Far from being the “dark ages” once disparaged by the rationalists of the Enlightenment, modern scholarship has revealed the Middle Ages as a period of profound intellectual, artistic, and spiritual vitality. The culture of the West revolved around Christianity, and the intellectual life culminated not in abstract theology, but in the sermon. It was in pursuit of better preaching that the scholars of the Middle Ages organized the Bible by chapter and verse, why they compiled countless lexicons and concordances, why they wrote their summae and their commentaries, and ultimately why they built the university system. The preaching of the Middle Ages was both exegetical and pastoral. Its purpose was to bring the Word of God to life and through it to convert the people. They believed that preaching was a grace and that the Holy Spirit spoke through the preacher, interpreting Scripture. Preaching and Spirituality were therefore intimately connected.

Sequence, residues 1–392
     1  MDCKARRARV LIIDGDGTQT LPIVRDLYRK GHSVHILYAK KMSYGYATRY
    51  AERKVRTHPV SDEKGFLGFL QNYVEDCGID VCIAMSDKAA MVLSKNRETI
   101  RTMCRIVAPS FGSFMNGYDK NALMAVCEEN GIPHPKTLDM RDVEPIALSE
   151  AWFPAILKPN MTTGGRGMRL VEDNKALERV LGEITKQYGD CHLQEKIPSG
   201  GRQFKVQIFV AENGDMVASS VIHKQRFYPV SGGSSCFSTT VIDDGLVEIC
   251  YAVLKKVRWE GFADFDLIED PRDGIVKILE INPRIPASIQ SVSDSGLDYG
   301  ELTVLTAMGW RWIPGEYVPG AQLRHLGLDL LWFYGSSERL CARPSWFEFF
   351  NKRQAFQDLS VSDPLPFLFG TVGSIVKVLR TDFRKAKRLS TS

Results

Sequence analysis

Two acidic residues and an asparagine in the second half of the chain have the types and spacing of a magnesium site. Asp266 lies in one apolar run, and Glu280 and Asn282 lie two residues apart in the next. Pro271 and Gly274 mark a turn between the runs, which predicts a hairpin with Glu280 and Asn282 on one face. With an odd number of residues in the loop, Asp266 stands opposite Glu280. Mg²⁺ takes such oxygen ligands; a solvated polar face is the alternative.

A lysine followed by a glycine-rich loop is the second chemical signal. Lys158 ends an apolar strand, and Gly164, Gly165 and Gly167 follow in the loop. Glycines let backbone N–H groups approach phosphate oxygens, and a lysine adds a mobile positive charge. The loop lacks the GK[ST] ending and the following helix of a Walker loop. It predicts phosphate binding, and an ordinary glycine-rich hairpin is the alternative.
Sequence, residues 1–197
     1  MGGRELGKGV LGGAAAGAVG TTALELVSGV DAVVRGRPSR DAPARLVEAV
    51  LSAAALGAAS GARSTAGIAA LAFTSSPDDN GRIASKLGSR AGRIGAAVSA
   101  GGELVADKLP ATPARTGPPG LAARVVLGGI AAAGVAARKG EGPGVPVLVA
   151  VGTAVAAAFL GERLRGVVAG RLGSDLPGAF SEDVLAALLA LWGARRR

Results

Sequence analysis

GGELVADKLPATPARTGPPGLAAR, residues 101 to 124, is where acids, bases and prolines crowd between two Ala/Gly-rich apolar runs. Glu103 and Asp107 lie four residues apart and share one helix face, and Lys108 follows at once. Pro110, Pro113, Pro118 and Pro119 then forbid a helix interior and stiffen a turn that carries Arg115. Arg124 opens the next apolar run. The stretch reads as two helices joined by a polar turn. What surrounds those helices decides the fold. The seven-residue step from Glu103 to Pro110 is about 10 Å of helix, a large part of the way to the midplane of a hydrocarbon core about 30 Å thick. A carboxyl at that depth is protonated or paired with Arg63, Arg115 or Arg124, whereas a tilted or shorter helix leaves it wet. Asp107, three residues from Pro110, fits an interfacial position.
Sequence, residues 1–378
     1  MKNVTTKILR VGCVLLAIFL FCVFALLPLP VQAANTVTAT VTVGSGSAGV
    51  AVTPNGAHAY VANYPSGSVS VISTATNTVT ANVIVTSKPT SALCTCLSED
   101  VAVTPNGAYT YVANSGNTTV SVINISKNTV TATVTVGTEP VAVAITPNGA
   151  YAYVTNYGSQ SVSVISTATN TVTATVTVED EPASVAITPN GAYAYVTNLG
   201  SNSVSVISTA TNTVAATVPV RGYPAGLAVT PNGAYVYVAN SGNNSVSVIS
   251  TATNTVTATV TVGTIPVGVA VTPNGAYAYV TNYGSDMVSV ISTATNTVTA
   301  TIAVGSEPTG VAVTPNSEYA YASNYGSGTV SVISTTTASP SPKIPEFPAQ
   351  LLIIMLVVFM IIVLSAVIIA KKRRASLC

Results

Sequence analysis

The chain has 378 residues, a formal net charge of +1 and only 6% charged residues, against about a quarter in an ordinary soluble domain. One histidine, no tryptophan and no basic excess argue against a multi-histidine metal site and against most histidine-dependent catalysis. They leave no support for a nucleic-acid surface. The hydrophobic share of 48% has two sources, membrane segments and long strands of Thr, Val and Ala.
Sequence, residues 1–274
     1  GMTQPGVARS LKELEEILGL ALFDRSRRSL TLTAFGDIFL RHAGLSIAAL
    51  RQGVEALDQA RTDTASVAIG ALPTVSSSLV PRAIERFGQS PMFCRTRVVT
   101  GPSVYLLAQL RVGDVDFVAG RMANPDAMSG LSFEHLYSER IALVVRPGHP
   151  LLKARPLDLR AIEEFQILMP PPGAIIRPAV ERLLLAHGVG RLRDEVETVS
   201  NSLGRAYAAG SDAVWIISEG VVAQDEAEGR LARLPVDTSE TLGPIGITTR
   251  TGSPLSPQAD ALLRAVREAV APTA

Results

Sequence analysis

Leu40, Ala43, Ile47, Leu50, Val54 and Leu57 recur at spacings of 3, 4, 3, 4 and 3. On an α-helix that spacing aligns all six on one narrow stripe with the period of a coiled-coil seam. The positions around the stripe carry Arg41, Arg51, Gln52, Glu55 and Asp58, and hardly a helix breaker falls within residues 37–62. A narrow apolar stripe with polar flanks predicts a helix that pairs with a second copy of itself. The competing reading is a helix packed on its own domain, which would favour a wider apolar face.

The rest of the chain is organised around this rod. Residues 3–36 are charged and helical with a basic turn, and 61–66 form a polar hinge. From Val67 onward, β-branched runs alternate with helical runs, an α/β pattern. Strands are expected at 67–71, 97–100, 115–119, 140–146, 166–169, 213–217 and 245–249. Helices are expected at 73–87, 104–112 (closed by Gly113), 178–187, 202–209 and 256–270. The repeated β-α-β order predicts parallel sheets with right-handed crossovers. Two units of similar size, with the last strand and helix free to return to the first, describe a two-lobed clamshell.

The Medieval Preaching and Spirituality Collection (34 vols.) offers a wide of range of important texts from the fourth to the fifteenth centuries. It includes sermons from the most acclaimed preachers of the period as well as resources commonly used in their composition. It also includes works of a more spiritual nature, allowing one to place the sermons within their context. With the Medieval Preaching and Spirituality Collection (34 vols.), the spiritual richness of the Middle Ages becomes available for contemporary Scripture study.
With the Logos edition all Scripture passages in the Medieval Preaching and Spirituality Collection (34 vols.) are tagged and appear on mouse-over. What’s more, Scripture references are linked to the wealth of language resources in your Logos library. This makes these texts more powerful and easier to access than ever before for scholarly work or personal Bible study. With the advanced search features of Logos Bible Software, you can perform powerful searches by topic or Scripture reference—finding, for example, every mention of “Clement,” or “council.”
Joel Landon Watts